Step 4: Repeat
Repeat this process until you’ve created a chain.
Have you thrown this project across the room yet? Okay, whether you’re foaming with frustration or you’d just like a step-by-step visual reference, try checking out some video tutorials. You can search for either “nalbinding”, “nalebinding”, or “the Oslo stitch” to find videos on how to start your first chain.
The video link below is a great resource to start with:
Step 5: Connect Stitches to Form the Shape
You can either work back and forth to create a flat piece and then sew it together or join the stitches to work in the round.
To work back and forth, you can use a basic connector called the F1 stitch. Turn your work, and push your needle through the top loop in the next stitch in front of you. This will be from the row you just created.
Next, increase by making two stitches into the next stitch.
To decrease, use the same technique as when crocheting. After making a regular stitch, skip a space instead of stitching into it.
Joining in the Round
You’ll work in the round to create mittens, socks, hats, bags, and anything else that creates a tube.
After you’ve chained several stitches together, join them by creating a band with the chain. Make sure it’s not twisted, or you’ll end up with a Moebius strip. Then push the needle into the first stitch created, from front to back.
Keep working the standard Oslo stitch to create that tube. If you need to increase it to make the tube wider, increase by stitching twice into every second or third stitch.
Step 6: Splice Yarn Together as Needed
Since you’re only working with a couple of yards’ worth of yarn at a time, you’ll need to splice ends together in order to keep working.
Use your fingertips to spread out and “fluff” the end of the yarn you’ve been working with. Do the same with the new yarn end you’ll be joining. Lay these two fluffed yarn ends atop one another, and dampen them with a bit of water. Or spit. Whatever you have, as long as it wets them.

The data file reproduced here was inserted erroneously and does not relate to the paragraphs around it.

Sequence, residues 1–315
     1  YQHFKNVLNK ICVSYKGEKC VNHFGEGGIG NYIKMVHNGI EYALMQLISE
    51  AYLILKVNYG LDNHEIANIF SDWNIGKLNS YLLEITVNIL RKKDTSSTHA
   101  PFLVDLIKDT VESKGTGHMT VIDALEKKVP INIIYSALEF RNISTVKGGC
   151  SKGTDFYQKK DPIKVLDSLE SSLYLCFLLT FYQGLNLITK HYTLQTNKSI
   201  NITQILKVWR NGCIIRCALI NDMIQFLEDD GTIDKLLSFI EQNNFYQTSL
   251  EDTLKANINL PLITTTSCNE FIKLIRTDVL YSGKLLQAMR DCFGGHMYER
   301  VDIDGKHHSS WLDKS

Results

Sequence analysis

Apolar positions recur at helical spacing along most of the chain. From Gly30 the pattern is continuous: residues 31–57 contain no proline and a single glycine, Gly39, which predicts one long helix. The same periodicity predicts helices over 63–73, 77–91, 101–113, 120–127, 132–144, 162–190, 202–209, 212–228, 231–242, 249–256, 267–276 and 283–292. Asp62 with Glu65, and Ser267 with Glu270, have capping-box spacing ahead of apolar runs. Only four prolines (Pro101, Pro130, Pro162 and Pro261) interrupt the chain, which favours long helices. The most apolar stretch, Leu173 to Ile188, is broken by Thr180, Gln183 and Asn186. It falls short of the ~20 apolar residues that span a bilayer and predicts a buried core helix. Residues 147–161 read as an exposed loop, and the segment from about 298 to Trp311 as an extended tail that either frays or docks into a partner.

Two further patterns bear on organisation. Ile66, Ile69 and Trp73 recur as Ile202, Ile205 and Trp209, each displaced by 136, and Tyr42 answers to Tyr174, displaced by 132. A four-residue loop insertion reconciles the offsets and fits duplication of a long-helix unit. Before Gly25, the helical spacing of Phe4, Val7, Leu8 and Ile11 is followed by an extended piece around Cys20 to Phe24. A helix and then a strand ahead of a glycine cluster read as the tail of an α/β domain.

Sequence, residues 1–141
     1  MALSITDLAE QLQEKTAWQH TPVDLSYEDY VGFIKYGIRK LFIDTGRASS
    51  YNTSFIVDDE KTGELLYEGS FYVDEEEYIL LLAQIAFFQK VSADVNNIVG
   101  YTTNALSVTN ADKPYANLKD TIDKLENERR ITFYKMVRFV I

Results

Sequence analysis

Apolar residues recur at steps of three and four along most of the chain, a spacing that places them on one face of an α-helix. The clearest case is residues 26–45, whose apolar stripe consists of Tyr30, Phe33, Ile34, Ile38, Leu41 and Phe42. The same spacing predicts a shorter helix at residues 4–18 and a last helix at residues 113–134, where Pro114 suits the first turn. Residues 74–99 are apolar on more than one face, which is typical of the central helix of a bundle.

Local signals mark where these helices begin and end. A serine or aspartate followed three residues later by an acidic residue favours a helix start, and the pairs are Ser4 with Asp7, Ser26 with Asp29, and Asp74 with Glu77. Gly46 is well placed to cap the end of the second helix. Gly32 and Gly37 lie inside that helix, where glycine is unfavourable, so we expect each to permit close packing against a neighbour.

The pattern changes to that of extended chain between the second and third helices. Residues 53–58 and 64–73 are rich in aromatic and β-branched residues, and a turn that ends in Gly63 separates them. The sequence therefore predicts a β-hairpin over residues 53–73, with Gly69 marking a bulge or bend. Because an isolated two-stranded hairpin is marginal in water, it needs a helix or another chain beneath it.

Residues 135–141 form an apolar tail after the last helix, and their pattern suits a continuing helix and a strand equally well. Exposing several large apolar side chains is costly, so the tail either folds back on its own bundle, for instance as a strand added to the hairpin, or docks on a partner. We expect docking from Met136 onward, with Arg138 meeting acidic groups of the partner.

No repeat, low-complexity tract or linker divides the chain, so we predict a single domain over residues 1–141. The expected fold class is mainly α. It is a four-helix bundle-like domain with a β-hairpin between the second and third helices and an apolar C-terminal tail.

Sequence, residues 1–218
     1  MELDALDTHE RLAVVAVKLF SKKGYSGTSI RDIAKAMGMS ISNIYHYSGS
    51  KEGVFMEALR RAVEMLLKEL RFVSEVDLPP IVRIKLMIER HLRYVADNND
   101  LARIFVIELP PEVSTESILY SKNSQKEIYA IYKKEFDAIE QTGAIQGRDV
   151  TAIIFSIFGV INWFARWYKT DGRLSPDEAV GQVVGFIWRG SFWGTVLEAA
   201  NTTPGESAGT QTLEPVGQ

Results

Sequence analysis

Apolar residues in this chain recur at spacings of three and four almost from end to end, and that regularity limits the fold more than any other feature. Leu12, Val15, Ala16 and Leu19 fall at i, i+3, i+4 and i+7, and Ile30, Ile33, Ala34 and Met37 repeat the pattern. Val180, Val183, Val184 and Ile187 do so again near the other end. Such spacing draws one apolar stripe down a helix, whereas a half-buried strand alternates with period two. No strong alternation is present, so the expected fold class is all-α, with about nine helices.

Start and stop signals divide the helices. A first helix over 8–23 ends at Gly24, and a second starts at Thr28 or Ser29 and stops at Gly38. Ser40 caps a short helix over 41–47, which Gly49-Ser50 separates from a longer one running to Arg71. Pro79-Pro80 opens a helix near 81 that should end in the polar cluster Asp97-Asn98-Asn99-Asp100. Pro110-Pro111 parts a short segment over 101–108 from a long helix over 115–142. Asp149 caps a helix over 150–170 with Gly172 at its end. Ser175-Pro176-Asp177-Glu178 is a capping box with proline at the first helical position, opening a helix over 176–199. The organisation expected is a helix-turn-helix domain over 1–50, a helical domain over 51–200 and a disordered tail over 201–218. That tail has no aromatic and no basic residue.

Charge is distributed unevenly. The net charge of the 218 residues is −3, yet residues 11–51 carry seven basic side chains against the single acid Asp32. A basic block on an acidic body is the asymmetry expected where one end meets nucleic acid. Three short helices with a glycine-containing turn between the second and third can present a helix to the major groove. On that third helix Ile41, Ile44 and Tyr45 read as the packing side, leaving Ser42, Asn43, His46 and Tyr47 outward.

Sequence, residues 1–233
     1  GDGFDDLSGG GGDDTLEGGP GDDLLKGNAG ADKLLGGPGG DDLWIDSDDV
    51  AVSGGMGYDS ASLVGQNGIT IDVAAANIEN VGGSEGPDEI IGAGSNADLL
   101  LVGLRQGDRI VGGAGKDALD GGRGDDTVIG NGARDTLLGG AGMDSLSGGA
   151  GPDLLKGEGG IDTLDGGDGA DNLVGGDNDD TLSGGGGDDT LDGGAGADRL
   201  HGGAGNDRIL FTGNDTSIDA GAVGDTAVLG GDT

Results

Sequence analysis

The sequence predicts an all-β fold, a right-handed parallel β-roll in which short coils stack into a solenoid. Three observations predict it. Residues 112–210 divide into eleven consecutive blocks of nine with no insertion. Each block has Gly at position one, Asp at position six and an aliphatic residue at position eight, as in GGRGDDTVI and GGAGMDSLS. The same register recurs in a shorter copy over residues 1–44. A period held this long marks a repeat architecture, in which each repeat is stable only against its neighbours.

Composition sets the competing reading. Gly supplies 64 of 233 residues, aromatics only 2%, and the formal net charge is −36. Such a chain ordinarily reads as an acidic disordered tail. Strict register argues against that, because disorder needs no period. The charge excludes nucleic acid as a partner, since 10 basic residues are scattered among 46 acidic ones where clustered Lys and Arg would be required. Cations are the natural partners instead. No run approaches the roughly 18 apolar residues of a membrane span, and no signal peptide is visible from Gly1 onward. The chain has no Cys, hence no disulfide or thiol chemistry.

Then, use your hands to rub these ends together enthusiastically. The goal here is to felt these two ends together. This is why you shouldn’t use superwash or acrylic yarn: they won’t splice together properly and will just look ratty and weird.
Once spliced, roll the yarn back and forward between your hands a bit to smooth it out. This should create a nice, even yarn without any bumps or wide spots.
Additional Nalbinding Notes:
It’s absolutely normal to get frustrated as a beginner. It might take you several tries to get the hang of the looping effect, and you might shriek and swear every time you start a new project. You know what? That’s absolutely okay.
There’s no one “right” way to do this craft. It’s more than likely that a few thousand years ago, Sigrid or Freydis was mucking about with some yarn and a piece of bone and realized she could make “stuff” by making loops.
Work with what you have, how you can, in the way that best suits you. If it’s easier for you, crochet the first round of your project instead of nalbinding right from the start. Or knit a band, finish it off, and then start nalbinding around it.
It’ll likely take several tries for you to really get the hang of this process. Try to be patient with yourself, and remember that there’s no one “right” way to do your nalbinding.
There are a number of different established stitches you can play with, such as the York and Old Finnish stitches. That said, you can get creative and try different methods that are all your own.